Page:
$$ \begin{align*}P_{t}f(x) \colon=\int_{\mathbb{R}^{n+1}}f(x+y\sqrt{t})\gamma_{n+1}(y)\,\mathrm{d} y, \qquad\forall x\in\mathbb{R}^{n+1},\qquad\forall\,f\colon\mathbb{R}^{n+1}\to[0,1],\end{align*} $$

the corresponding operator $\overline {S}$ from the second variation of the Euclidean heat content satisfies

$$ \begin{align*}\overline{S}(f)(x)\colon= t^{(n+1)/2}(2\pi)^{-(n+1)/2}\int_{\Sigma}f(y)e^{-\frac{\left\|y- x\right\|^{2}}{2t}}\,\mathrm{d} y,\qquad\forall\,x\in\Sigma, \end{align*} $$

and then the analogue of (9) for $f(x)\colon =\langle v,N(x)\rangle $ is

$$ \begin{align*}\overline{S}(f)(x)=f(x)\|\overline{\nabla} P_{t}1_{\Omega}(x)\|,\qquad\forall\,x\in\Sigma,\end{align*} $$

so that the second variation corresponding to $f=\langle v,N\rangle $ is automatically zero. This fact is expected, because a translation does not change the Euclidean heat content. However, this example demonstrates that the key property of the above proof is exactly (10). More specifically, f is an ‘almost eigenfunction’ of S with ‘eigenvalue’ $1/\rho $ that is larger than $1$. It seems plausible that other semigroups could also satisfy an identity such as (10), because (10) seems related to hypercontractivity. We leave this open for further research.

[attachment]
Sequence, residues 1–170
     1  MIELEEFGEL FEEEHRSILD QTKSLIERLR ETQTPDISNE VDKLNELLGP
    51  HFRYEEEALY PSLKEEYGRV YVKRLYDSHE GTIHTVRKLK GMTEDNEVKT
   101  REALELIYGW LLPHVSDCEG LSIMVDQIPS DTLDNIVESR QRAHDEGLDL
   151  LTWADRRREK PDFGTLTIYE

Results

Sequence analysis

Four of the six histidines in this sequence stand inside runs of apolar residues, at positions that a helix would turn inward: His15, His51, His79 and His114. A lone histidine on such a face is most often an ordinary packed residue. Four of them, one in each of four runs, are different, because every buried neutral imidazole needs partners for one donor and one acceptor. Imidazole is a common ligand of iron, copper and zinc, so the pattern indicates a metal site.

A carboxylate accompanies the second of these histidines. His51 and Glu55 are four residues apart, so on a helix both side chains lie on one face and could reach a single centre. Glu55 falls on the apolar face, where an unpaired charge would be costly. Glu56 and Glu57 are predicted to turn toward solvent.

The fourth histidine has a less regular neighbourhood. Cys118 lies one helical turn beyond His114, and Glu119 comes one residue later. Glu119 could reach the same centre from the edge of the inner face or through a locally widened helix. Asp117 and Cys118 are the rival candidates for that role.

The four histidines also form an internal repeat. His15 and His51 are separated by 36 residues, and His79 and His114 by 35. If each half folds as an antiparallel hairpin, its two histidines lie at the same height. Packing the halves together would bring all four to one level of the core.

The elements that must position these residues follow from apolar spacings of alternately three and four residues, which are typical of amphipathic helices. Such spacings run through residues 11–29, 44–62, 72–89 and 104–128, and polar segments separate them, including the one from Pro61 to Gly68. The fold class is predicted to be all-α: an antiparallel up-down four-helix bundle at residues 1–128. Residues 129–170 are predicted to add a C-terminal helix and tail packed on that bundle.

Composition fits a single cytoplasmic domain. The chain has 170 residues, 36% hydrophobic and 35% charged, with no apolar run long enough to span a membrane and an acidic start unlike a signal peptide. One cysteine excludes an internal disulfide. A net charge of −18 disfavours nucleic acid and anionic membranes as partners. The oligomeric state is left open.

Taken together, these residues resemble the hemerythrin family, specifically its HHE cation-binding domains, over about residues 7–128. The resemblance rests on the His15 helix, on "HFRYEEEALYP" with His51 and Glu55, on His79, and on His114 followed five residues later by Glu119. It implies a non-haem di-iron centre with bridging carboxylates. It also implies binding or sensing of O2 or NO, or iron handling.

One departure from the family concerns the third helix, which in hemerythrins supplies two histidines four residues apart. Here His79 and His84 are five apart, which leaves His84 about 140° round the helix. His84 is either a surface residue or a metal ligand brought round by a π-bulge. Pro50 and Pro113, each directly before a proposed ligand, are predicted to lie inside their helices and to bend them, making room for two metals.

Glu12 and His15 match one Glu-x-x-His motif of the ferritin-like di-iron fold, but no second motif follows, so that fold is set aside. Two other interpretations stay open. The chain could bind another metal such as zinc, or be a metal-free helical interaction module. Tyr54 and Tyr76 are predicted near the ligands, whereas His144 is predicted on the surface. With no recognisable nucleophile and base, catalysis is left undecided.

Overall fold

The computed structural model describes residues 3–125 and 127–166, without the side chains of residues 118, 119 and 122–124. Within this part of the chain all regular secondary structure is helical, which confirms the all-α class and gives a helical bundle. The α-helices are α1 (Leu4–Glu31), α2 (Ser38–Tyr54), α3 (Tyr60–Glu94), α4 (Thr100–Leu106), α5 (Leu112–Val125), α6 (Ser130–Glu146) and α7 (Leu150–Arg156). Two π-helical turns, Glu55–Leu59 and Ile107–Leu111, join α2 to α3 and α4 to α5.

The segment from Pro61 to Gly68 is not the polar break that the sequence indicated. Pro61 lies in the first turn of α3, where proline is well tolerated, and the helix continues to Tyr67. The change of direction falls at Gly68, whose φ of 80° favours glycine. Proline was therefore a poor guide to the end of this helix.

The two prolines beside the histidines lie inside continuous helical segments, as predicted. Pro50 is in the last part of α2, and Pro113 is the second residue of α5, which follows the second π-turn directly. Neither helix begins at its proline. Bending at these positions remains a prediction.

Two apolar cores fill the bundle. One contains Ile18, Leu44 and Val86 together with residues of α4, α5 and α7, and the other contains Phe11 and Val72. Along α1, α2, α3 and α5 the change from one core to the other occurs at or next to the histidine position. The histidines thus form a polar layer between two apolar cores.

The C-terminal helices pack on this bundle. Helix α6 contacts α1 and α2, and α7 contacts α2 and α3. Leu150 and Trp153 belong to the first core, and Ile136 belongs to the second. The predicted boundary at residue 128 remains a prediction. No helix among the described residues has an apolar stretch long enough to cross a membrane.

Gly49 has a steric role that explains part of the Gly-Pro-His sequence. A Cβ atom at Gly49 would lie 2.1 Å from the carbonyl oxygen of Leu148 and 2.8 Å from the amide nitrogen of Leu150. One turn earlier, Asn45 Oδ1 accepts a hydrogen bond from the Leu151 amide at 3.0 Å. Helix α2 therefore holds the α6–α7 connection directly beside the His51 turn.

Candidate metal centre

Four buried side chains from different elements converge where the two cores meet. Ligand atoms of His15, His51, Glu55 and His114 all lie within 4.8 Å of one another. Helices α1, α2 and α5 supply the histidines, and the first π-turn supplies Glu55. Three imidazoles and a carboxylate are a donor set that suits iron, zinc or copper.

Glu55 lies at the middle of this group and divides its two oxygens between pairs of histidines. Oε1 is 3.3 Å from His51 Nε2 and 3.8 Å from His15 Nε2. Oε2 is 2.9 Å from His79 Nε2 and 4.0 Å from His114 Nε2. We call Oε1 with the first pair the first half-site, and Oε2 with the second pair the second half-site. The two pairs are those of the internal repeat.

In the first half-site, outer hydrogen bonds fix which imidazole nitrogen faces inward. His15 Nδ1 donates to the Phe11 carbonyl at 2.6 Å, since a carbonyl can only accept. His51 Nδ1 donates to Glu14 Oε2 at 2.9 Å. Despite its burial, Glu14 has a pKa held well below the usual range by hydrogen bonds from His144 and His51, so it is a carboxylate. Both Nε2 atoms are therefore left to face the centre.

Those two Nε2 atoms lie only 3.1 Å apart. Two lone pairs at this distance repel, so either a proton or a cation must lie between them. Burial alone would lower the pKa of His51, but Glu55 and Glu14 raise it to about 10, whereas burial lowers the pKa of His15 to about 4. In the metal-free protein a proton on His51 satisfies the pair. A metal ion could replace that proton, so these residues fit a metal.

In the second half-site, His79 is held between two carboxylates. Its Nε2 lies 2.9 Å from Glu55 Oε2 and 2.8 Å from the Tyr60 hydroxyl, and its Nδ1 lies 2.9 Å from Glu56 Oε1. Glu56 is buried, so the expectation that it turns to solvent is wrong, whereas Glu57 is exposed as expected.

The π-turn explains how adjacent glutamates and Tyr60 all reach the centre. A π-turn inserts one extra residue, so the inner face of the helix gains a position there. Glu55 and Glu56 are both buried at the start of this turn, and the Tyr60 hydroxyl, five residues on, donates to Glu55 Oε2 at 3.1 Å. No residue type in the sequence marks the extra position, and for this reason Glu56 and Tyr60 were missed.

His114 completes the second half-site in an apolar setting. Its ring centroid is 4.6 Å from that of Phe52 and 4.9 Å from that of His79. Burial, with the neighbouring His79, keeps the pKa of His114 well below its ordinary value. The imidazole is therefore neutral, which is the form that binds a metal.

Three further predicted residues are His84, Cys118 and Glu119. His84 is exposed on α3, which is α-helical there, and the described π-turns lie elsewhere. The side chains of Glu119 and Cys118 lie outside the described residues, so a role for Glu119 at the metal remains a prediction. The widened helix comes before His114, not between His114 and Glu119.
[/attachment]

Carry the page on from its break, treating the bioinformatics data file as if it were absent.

2 Existence and Regularity

2.1 Preliminaries and Notation

We say that $\Sigma \subseteq \mathbb {R}^{n+1}$ is an n-dimensional $C^{\infty }$ manifold with boundary if $\Sigma $ can be locally written as the graph of a $C^{\infty }$ function on a relatively open subset of $\{(x_{1},\ldots ,x_{n})\in \mathbb {R}^{n}\colon x_{n}\geq 0\}$. For any $(n+1)$-dimensional $C^{\infty }$ manifold $\Omega \subseteq \mathbb {R}^{n+1}$ such that $\partial \Omega $ itself has a boundary, we denote

(12)$$ \begin{align} \begin{aligned} C_{0}^{\infty}(\Omega;\mathbb{R}^{n+1}) &\colon =\{f\colon \Omega\to\mathbb{R}^{n+1}\colon f\in C^{\infty}(\Omega;\mathbb{R}^{n+1}),\, f(\partial\partial \Omega)=0,\\ &\qquad\qquad\qquad\exists\,r>0,\,f(\Omega\cap(B(0,r))^{c})=0\}. \end{aligned} \end{align} $$